Author Topic: D32 magneto help  (Read 4433 times)

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Offline Dewey

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D32 magneto help
« on: 27 Sep 2011 at 00:41 »
Hi all. I have been asked bring the life back into the engine fitted to the famous Robert Fulton Jrs. ride. The engine arrived today via FedX in a beautifully constructed crate and I immediately broke the crate down. The first thing I checked was for compression and it passed nicely. Next on the list was spark which is poor to non existent. I believe the magnet has weakened over the years and am looking for suggestions as to where I can have it checked out. It's a BTH M2-AP2, serial OM559561.
Thanks in advance - Dewey
« Last Edit: 03 Dec 2011 at 14:42 by Dewey »

Offline Doug

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Re: D32 magneto help
« Reply #1 on: 05 Oct 2011 at 00:03 »
Dewey,

While not impossible, it is rare that the BTH magnet has weakened. Or, there are certainly plenty of other things I would check first. But before leaving the magnet, with the magneto removed from the engine, does the magnetic field give a decidedly 'lumpy' feel when you spin the magneto over by hand? If it does, then the magnet is o.k.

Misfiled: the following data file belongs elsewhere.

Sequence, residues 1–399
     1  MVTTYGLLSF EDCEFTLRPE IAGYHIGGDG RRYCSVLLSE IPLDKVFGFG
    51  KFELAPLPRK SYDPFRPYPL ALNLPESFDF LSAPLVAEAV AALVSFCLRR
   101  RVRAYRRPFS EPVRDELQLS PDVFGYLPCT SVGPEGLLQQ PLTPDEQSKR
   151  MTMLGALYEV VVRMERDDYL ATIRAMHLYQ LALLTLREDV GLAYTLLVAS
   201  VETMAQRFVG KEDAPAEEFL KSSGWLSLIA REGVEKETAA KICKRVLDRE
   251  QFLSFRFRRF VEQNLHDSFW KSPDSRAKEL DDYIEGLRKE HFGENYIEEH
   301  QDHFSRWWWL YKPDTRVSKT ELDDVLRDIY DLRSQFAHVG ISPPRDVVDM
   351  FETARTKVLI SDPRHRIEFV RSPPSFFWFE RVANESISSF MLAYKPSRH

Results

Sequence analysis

Poor condition of the condenser, points, maladjusted points, carbon tracking of the slip ring, and the wrong point plate fitted (incorrect internal timing) will all sap current or prevent the maximum current from building up.

I've recharged magnets with a homemade magnetizer, but the proper kit uses a capacitor discharge to dump a lot of joules very suddenly into the apparatus. And that I never arranged. It has been a number of years since I have had a magneto reworked; and back then I was sending them to firms in the UK.

-Doug

Offline Dewey

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Re: D32 magneto help
« Reply #2 on: 09 Oct 2011 at 01:05 »